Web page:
London - Concerns are mounting that the UK’s housing market is over-inflated, with London house prices rising almost 19 percent in the year to April.
Bank of England governor Mark Carney has described the situation as the greatest risk to the economy. The International Monetary Fund is worried. Ditto EU officials.
The pressure is on to act now rather than risk having it all come crashing down later, dragging Britain back into recession. A Bank of England committee set up in the wake of the economic crisis to ensure financial stability was widely expected to take action yesterday to cool the market.
The move will be of interest globally, as its outcome will shed some light on how much a central bank can keep a specific sector from overheating without putting the brakes on the economy as a whole.
“This may not be the mother of all house price bubbles, but it may be the sister,” said David Blanchflower, a former member of the Bank of England’s monetary policy committee.
“Does it make any sense for the economy? The answer has to be no.”
Driven by interest from wealthy investors, an improving economy and pent-up demand in a country with a chronic housing shortage, house prices rose 18.7 percent in the capital and about 10 percent in the rest of the country in the year to April, according to official statistics.
That far outstripped the 0.7 percent increase in wages, including bonuses, during the same period.
That means Britons have to borrow more to buy a home. Homeowners in Britain often get new home loans every two or three years to take advantage of fluctuating markets – rather than a fixed longer-term system common in the US.
Carney recently described over-extended borrowers as a threat to the financial system, as households make up the bulk of domestic borrowing.
“History shows that the British people do everything they can to pay their mortgages,” Carney said this month. “That means cutting back deeply on other expenditures when the unexpected happens, potentially slowing the economy sharply.”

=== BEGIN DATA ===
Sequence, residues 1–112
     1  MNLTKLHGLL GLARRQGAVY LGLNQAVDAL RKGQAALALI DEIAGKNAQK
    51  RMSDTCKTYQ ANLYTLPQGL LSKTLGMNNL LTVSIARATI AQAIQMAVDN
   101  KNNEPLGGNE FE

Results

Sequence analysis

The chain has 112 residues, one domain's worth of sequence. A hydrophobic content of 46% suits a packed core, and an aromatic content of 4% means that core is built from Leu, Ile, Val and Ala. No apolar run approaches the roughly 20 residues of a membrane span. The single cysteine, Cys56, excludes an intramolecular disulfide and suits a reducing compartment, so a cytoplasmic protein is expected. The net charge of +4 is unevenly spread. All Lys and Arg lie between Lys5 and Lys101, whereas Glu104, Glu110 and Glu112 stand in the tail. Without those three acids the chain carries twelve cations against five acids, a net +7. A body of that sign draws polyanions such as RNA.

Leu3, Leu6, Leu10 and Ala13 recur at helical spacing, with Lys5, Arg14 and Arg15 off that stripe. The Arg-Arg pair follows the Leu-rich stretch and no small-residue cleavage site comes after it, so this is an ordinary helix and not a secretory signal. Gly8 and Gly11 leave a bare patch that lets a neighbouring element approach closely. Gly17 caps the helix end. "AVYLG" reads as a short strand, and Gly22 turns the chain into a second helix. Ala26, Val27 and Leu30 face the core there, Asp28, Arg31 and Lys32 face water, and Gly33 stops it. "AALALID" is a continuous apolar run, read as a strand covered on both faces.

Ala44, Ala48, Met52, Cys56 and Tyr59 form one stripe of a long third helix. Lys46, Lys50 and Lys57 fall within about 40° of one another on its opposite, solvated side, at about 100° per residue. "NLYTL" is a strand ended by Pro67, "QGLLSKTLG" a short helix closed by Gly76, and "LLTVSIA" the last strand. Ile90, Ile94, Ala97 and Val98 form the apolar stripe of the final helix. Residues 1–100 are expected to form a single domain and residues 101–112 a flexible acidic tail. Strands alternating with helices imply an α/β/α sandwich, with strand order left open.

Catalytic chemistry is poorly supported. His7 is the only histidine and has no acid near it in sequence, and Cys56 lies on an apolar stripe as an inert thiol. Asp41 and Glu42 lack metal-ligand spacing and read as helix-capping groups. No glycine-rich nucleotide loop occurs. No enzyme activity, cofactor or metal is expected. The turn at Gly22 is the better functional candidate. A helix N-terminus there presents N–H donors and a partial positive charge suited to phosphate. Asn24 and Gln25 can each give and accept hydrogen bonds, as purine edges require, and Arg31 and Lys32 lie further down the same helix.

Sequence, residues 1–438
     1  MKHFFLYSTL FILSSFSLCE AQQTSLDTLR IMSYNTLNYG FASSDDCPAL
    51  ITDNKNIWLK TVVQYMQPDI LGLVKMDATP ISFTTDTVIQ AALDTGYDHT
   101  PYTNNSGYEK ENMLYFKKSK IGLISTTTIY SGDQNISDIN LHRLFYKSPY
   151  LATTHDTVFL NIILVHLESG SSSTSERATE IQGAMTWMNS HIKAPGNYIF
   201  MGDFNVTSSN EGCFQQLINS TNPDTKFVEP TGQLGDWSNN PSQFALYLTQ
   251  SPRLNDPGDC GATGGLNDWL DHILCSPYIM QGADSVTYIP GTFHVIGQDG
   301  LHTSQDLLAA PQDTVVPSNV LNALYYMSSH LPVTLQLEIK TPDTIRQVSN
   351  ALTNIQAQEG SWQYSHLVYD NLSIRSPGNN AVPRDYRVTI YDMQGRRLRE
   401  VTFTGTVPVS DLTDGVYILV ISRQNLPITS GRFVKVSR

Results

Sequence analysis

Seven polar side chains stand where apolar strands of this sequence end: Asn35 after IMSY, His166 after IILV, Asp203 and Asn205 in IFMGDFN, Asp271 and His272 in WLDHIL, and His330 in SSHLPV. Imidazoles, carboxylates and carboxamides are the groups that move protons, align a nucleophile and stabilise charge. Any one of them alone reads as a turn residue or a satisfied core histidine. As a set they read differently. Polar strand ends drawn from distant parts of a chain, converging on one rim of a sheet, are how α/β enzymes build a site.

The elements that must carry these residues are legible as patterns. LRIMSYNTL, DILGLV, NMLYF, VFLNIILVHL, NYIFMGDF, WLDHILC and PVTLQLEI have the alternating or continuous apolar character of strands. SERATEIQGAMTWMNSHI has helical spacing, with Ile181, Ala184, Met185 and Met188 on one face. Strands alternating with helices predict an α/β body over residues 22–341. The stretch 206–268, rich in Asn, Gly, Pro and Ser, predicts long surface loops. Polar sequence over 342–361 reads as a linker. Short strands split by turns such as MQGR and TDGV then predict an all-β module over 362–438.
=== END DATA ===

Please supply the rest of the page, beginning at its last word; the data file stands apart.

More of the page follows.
Figures from the Organisation for Economic Co-operation and Development (OECD) suggest property prices in Britain are about 30 percent too high when compared with wages. In the US, by contrast, most homes are valued correctly while Japan remains the cheapest market among OECD members after years of deflation.
The froth can be seen in the explosion of real estate agents, particularly in desirable neighbourhoods.
PricedOut, a group that campaigns for affordable house prices, says people with steady but modest jobs, such as nurses, teachers and engineers, have little hope of buying a home, especially in the south.
Take the experience of Daniel Philpott, 35, of London, who has been sleeping on the sofas of friends and family for two years in hopes of saving enough for a down payment. He makes £40 000 (R720 000) a year designing commercial air-conditioning units. If he had to pay rent, there would be no hope of saving enough to buy stability.“
These high prices are just completely untenable,” he said.
If things reach a breaking point, experts fear a brutal correction like the one that hit the US during the financial crisis.
Carney has made it clear he wants to intervene before there is trouble, but says rate hikes are still months away. That leaves the Bank of England’s financial policy committee to try new measures.